Medicare Reform, Research Paper Example
Words: 793Research Paper
Since its passage by President Lyndon B. Johnson in 1965, senior citizens as well as people with disabilities have been able to take advantage of healthcare options that previously had been unaffordable or unavailable to many citizens on fixed incomes. Recent reforms in healthcare have created many further advantages to people on Medicare. This paper will discuss the historic and contemporary involvement of government and politics in the healthcare delivery in the United States, as well as the impact of recent laws and policies on the management of healthcare.
The United States has a unique healthcare delivery system in that it is the only developed country that does not provide national healthcare that is run by the government and financed by general taxes (Jones and Bartlett Publishing, 2008.) Other countries have what is called “universal access” whereas people in the United States are not entitled to receive basic healthcare services. The central characteristic of the healthcare system in the United States is its fragmentation, which provides a tremendous barrier to universal coverage.
Prior to 1912, health insurance was essentially unavailable and unaffordable to most Americans; when Teddy Roosevelt ran for a third term, he proposed universal health care for all citizens. However, it was not until Franklin Delano Roosevelt passed the Social Security Act of 1935 that states were provided with local funds to create healthcare departments (A Brief History of Government and Health Care, 2009.) However, over the next few decades, there was much political opposition to the idea of government-sponsored healthcare and it was not until 1965 that LBJ passed Medicare and Medicaid for elderly, blind, and disabled people. Since that time, although Americans have embraced those programs, there is still much vocal opposition to government involvement in health care delivery. Even people who are on Medicare don’t always understand that they are actually on a government program: they frequently have signs that say “Government stay out of my Medicare.”
The Affordable Care Act passed by President Obama contains many advantages for Medicare recipients: a focus on prevention, elimination of out-of-pocket costs such as deductibles and co-pays, and a free wellness exam every year (Span, 2011.) In addition, seniors are not required to pay the “doughnut hole” gap in prescription coverage, there are no lifetime caps on coverage, Medicare will be expanded to more rural areas and adults with pre-existing conditions must be covered (Wing, 2010.) Also, because of the shortage of doctors willing to accept Medicare, the new law offers a 10% payment bonus to doctors who are candidates to receive it.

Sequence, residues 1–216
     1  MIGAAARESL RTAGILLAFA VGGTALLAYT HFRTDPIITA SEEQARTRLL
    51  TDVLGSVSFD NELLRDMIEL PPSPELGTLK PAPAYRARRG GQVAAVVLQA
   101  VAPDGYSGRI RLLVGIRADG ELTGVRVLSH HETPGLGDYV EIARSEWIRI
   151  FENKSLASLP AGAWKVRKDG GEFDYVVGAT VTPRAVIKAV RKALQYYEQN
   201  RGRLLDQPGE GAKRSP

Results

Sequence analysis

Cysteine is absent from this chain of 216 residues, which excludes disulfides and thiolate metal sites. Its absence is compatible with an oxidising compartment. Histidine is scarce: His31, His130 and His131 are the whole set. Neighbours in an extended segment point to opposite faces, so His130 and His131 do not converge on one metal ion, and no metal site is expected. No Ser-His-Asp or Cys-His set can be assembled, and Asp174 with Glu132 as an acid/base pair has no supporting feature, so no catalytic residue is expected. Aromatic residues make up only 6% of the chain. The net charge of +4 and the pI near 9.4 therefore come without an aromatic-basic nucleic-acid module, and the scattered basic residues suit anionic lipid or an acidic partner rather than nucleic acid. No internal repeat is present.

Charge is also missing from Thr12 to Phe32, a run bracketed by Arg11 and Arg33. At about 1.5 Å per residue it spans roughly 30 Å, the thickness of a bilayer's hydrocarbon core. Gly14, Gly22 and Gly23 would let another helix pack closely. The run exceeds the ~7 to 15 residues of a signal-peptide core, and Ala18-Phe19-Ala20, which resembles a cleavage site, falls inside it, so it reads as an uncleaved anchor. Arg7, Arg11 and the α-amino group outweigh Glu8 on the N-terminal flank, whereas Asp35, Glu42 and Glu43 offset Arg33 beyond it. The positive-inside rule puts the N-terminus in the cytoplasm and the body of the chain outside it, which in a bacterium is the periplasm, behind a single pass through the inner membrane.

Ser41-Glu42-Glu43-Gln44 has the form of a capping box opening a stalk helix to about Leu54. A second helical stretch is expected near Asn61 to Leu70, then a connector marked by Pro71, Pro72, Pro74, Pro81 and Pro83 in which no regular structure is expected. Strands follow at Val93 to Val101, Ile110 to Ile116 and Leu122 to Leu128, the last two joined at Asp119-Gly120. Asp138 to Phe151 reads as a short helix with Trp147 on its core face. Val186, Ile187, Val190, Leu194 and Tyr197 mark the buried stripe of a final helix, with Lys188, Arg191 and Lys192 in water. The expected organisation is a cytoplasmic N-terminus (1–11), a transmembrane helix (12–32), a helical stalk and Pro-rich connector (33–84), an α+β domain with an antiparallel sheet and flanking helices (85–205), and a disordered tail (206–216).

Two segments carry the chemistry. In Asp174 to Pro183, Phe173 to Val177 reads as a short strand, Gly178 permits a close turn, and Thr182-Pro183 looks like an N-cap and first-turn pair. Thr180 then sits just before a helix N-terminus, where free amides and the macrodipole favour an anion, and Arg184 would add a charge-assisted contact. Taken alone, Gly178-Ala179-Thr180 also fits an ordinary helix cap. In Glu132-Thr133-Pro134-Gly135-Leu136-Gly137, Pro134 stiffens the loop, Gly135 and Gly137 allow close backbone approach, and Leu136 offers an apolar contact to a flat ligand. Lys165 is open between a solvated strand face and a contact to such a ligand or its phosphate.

The new legislation is designed to both improve the quality of Medicare services as well is to ensure its long-term survival; by addressing fraud, cutting out unnecessary tests and treatments, and providing preventive care, many savings will help to guarantee the health of the program now and for years to come. When people receive preventive services they are more likely to remain healthy for longer periods of time, thereby cutting down on expenses that had previously been necessary to cover illnesses, many of which occurred because people simply didn’t go to the doctor when they were sick.
In order to ensure Medicare’s survival beyond 2026, my belief is that money should be raised by taxing even more heavily certain lifestyles that resulted in illnesses whose burdens are paid by the taxpayers. For example, high taxes on liquor, cigarettes, sugary drinks and food, and tanning salons would put the onus of raising the money for the health problems caused by these items on the people who choose to utilize them. Many of these items are already taxed, but apparently are not high enough significantly cut down on their usage.
I believe that the new healthcare reforms will have a very positive effect on the life of the Medicare program because once all the provisions take effect in 2014, public support for the bill will increase when people realize on a practical level how much the new law benefits them. I think that it was a mistake to wait until 2014 to have all of provisions of the bill take effect because as long as it doesn’t affect people directly, it is easy for them to believe all the misinformation and prophecies of doom that have been publicized.
A Brief History of Government and Healthcare. (2009, August 4). Retrieved July 7, 2012, from CNN.com: http://www.cnn.com/2009/HEALTH/08/04/timeline.healthcare/index.html
Bettelheim, A. (2003). Will Policymakers Agree on Prescription Drug Benefits? Medicare Reform , 1-31.
Jones and Bartlett Publishers. (2008). Major Characteristics of US Healthcare Delivery. Retrieved July 7, 2012, from JB Learning: http://www.jblearning.com/samples/0763763802/63800_CH01_Final.pdf
Span, P. (2011, February 9). Changes to Medicare. Retrieved July 7, 2012, from The New York Times: http://newoldage.blogs.nytimes.com/2011/02/09/changes-to-medicare/
Wing, J. B. (2010, May 22). Health Reform Bill Summary: The Top 18 Immediate Effect. Retrieved July 7, 2012, from The Huffington Post: http://www.huffingtonpost.com/2010/03/22/health-reform-bill-summary_n_508315.html
Time is precious
don’t waste it!